Ruben B. Ortega joined the department in 1960 and served many positions including as a detective and later as a lieutenant, as the chief investigator of racial disturbances.  As a commander he served in the Community Relations Bureau, and as a major, in charge of the Community Services Division.  He was promoted to the Police Chief February 25, 1980 at a time there was a work showdown by officers stemming from contract negotiations between the police union and the city.  During his time as Police Chief the department opened a new defensive driving track, formed the Selective Enforcement Bureau, received accreditation by the Commission on Accreditation for Law Enforcement Agencies (CALEA) and began the Internal Affairs Bureau.  Chief Ortega retired on June 11, 1991 later becoming the police chief for Salt Lake City, Utah.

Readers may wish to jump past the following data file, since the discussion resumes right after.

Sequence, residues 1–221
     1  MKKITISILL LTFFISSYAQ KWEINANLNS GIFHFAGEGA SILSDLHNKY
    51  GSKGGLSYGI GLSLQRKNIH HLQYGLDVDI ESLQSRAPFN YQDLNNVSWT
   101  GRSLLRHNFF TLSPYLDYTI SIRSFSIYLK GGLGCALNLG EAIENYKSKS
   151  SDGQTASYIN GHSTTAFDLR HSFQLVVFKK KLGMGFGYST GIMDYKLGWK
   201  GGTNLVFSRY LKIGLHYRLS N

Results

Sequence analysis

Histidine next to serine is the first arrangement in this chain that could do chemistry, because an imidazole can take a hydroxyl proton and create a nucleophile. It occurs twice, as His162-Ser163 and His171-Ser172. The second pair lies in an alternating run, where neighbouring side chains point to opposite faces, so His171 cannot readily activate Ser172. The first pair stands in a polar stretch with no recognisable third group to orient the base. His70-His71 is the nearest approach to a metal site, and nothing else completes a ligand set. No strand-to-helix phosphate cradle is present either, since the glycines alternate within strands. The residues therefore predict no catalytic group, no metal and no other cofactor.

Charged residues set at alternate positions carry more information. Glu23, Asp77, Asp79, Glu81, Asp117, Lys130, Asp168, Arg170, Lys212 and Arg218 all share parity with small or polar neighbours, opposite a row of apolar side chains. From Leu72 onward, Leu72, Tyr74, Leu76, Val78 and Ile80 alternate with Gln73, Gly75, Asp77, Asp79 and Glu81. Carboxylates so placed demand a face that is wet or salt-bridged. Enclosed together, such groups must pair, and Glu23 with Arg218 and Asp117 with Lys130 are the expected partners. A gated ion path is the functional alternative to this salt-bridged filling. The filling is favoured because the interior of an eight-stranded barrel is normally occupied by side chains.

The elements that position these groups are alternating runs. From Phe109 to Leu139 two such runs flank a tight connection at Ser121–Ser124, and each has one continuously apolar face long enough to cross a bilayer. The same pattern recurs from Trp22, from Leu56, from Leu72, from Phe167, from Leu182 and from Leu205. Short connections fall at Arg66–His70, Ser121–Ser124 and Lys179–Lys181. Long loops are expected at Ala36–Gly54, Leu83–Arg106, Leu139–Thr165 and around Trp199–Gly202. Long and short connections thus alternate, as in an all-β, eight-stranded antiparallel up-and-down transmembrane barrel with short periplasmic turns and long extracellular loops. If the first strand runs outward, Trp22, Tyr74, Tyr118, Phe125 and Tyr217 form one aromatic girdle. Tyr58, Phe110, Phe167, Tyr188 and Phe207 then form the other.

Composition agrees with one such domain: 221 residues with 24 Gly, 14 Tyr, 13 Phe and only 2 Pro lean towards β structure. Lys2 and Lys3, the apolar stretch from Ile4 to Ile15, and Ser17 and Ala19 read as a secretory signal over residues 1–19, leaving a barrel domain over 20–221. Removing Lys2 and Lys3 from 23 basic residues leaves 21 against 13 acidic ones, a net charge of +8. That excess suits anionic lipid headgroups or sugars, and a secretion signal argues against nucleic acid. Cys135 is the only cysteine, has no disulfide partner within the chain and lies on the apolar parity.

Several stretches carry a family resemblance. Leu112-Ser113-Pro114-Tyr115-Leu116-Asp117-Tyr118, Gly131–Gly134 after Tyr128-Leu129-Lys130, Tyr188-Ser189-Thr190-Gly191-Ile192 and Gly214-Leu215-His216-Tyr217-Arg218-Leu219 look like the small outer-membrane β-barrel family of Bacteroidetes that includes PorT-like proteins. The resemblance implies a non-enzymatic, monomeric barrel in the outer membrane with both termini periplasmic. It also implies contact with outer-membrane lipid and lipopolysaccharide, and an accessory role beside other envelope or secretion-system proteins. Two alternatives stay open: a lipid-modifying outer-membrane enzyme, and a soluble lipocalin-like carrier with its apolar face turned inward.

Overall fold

Robert G. Kornegay (1980)
Assistant Police Chief Robert Kornegay was appointed acting police chief February 1, 1980 when Chief Lawrence Wetzel retired.  Chief Kornegay work six years in administration as well as serving as the Technical Services Chief since 1977 in resolving computers and laboratory equipment issues. He served as Acting chief until February 24, 1980.
Lawrence M. Wetzel (1968-1980)